December 2015 will see the launch of the government's latest efforts to help first-time buyers, with the 'Help to Buy ISA'
This type of ISA (Individual Savings Account) is specifically for first time home buyers with the main draw being that the government will add 25% onto savings accrued, which can then be put towards the deposit on a home. Aside from that there is the additional bonus that all of the savings will be tax free when you withdraw them.
Who can get one?
The scheme is specifically aimed at first time buyers. That's to say that if you've previously owned a home, but now (for whatever reason) don't, then you won't qualify for the scheme. However at the moment it's unclear how this may translate to more complicated scenarios; for example you're a first time buyer, but your partner is not.
How does it work?
Upon opening an account you can instantly deposit £1000, which is additional to the maximum £200 you're allowed to deposit each month.
The government will top up your account, by 25% on top of what you've deposited – thus each month by depositing £200, yourself, £250 actually goes into your account.
The minimum you need to save in total before the government will add any funds is £1,600, and the maximum you can deposit is £9,000; meaning the government will give you a total of £3,000 towards a deposit.
When it launches, the ISA will be available through all participating banks and building societies, with rates being set independently by the lender. So in practice, you should also earn interest on your savings – on top of the 25% donated by the government.
Cashing out your bonus
The bonus isn't calculated or paid until you buy a property – unfortunately, you'll never see the cash the government stumps up. During the process of buying your home, your bonus will be tallied up, and you'll be awarded a voucher which will transfer the money directly to your mortgage provider – you therefore don't get any money unless you actually buy a home.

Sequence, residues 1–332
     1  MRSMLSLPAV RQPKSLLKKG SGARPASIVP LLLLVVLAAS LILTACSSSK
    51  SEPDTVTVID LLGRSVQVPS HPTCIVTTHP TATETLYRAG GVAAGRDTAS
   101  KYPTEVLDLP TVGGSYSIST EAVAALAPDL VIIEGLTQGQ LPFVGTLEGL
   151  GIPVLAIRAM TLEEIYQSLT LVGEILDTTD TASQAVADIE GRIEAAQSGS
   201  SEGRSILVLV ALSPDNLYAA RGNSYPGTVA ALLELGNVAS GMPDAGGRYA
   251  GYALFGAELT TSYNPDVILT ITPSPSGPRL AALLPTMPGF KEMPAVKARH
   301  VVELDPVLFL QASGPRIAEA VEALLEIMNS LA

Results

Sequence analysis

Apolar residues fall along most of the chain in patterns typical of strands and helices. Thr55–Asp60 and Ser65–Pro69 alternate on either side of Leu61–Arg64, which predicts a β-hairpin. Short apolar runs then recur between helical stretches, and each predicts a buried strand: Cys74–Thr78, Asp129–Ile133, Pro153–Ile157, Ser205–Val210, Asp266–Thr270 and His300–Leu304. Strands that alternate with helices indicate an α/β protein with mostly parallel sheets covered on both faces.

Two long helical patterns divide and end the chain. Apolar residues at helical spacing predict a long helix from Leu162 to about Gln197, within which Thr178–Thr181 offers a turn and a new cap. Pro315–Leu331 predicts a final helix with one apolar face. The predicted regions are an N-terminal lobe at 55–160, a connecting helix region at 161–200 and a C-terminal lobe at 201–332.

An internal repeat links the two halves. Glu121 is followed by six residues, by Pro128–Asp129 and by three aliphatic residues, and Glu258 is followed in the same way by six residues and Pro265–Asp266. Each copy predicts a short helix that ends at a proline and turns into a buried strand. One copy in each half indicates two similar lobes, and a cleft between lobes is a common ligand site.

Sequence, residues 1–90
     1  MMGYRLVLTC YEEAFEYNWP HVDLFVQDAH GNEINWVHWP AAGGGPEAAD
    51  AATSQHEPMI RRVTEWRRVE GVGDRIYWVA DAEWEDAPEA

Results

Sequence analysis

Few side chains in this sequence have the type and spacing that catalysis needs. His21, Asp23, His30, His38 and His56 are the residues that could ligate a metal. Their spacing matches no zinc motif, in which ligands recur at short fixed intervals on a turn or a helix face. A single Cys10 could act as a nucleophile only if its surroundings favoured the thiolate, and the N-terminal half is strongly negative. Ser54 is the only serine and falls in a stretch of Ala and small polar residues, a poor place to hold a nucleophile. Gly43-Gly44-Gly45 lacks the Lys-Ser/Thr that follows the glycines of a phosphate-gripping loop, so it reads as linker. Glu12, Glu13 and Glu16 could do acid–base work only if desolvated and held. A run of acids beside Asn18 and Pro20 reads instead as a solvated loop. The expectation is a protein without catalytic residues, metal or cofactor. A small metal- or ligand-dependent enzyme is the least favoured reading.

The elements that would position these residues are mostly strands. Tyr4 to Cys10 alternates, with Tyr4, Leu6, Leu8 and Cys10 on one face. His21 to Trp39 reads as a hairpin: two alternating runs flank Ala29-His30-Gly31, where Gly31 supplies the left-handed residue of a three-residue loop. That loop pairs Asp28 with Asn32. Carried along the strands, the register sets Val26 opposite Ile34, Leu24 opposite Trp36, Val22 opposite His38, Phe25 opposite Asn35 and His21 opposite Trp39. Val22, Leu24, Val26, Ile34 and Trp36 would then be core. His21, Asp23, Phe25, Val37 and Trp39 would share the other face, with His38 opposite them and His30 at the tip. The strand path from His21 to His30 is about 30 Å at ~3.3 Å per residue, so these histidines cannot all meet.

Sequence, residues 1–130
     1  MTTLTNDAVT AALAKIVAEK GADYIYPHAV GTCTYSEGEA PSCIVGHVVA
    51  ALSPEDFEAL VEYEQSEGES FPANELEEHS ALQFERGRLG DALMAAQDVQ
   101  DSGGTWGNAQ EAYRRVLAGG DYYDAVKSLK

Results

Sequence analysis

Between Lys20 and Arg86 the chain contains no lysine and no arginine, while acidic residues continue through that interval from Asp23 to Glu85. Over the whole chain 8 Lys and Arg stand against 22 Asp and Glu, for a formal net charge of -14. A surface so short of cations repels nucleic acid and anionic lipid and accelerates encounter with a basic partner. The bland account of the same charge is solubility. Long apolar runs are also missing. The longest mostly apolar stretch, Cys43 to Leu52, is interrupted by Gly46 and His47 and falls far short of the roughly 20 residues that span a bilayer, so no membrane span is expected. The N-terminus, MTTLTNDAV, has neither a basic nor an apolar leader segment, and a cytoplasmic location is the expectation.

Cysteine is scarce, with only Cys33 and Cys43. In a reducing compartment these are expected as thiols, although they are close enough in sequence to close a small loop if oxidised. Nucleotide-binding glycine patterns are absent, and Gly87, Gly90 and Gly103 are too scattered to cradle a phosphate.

At the moment it appears that the government intends the money to be used solely for the purchase cost of the property – and not the associated transaction costs. As a result you'll need to use the money towards the deposit for the property as opposed to the legal and other such fees.
Whilst it's going to be a handy tool for some new homeowners, there are a number of things you need to be aware of. First of all the maximum deposit amounts mean that it will take you approximately 4 years to get the full £3,000 bonus, so if you're ready to buy now, it might be of little use to you. That being said you can get some of the bonus at least – if you have £1,000 to deposit instantly and can afford to put another £200 in each month, then you can cash out after 3 months, having saved the minimum amount of £1,600 – at which point you'll have earned an additional £400 on top.
Aside from that you can't open a Help to Buy ISA open alongside a normal ISA during the same tax year – you have to choose one or the other. You can of course open one if you have cash ISAs from previous years. If this is of particular concern to you, or if you want to save more than the maximum £200 each month, you might consider holding a standard savings account, or opening a stocks & shares ISA instead.